I am starting to get my pace of work at a level that I am happy with. I have to say that working from home is a mixed blessing, and since one of my projects has been postponed in startup I’ve had to refocus on my self driven research. Have been to the Bristol Broadmead Consolidation Centre, which was interesting and maybe could be part of a case study.
On the computing front I have now installed Ubuntu Linux onto my HP PC, only for it to utterly refuse to recognise the soundcard or configure the display at all. I wiped it and installed Mandriva 2006 on it and it works like a dream. Strangely tho’ Mandriva 2006 didn’t like the Dell, no sound card recognition, but a CD based version of Ubuntu was fine. The vagaries of Linux distros. All my friends and colleagues seem disillusioned with Mandriva (Mandrake as was). I am certainly very disappointed with the service and qaulity of the Club website. I paid my money and I get almost no useable support, mind you I joined to be able to download the distros really. But it is dreadful that a commercial company can’t produce a website which volunteers can deliver for free. Anyhow, I think the real reason is the mainstream nature of Mandriva/Mandrake. It’s too smooth, too much like Windows (or rather KDE is), and presents fewer challenges for tinkering. Distros like Ubuntu are sexier, new modern grafix, present some challenge. I am myself also tempted, hence I’ll see how it lasts on the Dell, but only as a toy system in dual boot, since the Dell box will stay my Windows workhorse. I do think, however, that when Matt leaves home I will go completely Linux. I just don’t need much that is Windows anymore, and I do have VMWare on the shelf which I really must install..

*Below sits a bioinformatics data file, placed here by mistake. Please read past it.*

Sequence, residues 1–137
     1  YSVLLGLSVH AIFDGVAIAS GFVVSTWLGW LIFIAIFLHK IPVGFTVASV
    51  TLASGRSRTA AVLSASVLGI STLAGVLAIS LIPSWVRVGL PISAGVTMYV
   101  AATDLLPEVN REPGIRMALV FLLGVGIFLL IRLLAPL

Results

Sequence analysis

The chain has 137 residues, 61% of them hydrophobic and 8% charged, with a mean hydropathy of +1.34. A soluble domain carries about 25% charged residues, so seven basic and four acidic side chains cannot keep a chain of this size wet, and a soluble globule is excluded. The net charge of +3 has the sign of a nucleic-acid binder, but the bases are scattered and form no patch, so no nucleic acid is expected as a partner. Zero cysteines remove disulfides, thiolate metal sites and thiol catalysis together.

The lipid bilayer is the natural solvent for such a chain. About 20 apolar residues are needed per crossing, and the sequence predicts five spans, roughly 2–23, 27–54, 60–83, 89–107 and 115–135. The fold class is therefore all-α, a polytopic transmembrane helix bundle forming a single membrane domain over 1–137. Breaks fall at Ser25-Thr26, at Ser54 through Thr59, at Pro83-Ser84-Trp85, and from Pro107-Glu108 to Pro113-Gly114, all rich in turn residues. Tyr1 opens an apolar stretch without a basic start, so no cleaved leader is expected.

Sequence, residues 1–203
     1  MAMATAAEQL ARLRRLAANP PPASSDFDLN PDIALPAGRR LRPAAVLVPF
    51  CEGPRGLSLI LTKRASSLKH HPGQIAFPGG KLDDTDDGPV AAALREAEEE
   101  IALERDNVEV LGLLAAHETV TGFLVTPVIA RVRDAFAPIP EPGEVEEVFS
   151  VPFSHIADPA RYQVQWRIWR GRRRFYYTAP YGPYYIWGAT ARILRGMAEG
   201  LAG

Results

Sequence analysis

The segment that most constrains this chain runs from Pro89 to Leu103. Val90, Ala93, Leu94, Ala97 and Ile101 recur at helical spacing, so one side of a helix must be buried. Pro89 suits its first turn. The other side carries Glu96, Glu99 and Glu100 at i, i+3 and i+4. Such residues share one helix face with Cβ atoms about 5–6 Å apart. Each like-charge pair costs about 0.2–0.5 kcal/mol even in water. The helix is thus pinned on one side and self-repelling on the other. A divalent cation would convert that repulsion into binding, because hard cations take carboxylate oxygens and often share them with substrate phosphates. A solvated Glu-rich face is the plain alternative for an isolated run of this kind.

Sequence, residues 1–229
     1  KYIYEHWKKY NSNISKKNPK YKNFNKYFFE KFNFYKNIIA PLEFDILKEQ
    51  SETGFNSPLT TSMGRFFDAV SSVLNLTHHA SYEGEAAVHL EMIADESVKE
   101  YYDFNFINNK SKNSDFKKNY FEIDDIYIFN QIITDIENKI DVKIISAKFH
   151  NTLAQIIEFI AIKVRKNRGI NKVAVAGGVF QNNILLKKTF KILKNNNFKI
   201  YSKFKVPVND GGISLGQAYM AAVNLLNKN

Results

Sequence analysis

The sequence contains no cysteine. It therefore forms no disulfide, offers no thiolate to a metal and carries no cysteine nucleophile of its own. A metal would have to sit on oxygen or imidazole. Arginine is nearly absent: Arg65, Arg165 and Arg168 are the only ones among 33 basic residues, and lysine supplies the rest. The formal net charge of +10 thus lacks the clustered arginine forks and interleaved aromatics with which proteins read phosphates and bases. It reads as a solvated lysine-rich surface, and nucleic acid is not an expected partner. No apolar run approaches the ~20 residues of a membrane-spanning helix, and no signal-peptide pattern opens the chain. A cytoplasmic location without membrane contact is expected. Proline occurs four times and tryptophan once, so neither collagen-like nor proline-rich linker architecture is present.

Games are always the issue with Linux. There have been few ports and few of those have coped with a few distro changes or upgrades. I have Civ: Call to Power for Linux but can I get it to run? Can I heck as like? There are, however, a few jewels in the crown. Cute penguin games like Frozen Bubble and the silly but fun TuxRacer… in fact for Breakout clones, vertical scrollers and the like you can’t go wrong. I have also seen most idsoftware games running with their Unix engines. My current favourite is the charming simple and yet addictive Wesnoth which is available for Linux and Windows and Mac and a helluva lot of systems. It is charming, tactical, well written and free, what more can you want? A turn based fantasy wargame it reminds me of the hex based classics of the past but with better graphics. It play smooth, it has great tutorials and it never becomes too complex or obscure to put you off, whilst still offering an endless stream of pre-written campaigns, online games and the ability to create your own. I recommend a download and a trial to anyone who likes computer games, rpgs or wargames. Anyone want to play it head to head with me over the Internet just email me!
Ah well, back to work.